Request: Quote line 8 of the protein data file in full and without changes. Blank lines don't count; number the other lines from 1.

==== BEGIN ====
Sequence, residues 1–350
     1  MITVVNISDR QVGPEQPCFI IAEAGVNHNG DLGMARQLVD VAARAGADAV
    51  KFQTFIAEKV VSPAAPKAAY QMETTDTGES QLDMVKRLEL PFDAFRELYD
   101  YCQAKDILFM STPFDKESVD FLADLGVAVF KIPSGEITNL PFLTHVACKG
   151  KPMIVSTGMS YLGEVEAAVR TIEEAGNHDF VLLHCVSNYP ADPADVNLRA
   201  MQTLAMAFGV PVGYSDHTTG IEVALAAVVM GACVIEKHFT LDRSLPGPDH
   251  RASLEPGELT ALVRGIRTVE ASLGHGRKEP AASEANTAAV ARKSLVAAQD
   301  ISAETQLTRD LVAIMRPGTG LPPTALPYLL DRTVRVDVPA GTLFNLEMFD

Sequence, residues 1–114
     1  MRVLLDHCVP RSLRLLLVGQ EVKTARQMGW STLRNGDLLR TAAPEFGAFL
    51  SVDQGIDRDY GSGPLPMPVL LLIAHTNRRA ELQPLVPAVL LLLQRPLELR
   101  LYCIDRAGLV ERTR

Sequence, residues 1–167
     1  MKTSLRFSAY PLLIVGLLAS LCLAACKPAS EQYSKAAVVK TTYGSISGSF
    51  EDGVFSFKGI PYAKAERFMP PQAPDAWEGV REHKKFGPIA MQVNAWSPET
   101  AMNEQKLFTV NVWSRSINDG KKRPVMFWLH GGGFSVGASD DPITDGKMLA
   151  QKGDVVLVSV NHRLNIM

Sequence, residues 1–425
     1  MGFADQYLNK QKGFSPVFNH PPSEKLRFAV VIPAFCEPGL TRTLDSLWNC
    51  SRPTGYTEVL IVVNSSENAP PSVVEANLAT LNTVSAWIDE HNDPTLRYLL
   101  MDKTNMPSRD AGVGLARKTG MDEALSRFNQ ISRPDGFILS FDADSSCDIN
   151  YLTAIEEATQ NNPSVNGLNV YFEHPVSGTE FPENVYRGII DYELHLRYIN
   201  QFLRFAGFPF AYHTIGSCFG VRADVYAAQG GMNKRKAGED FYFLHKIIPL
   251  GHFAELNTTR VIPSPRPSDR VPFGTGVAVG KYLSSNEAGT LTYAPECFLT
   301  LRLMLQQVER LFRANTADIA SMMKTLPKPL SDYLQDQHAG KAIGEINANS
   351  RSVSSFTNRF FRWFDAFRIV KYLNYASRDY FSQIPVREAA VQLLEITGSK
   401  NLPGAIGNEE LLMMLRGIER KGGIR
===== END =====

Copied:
   301  ISAETQLTRD LVAIMRPGTG LPPTALPYLL DRTVRVDVPA GTLFNLEMFD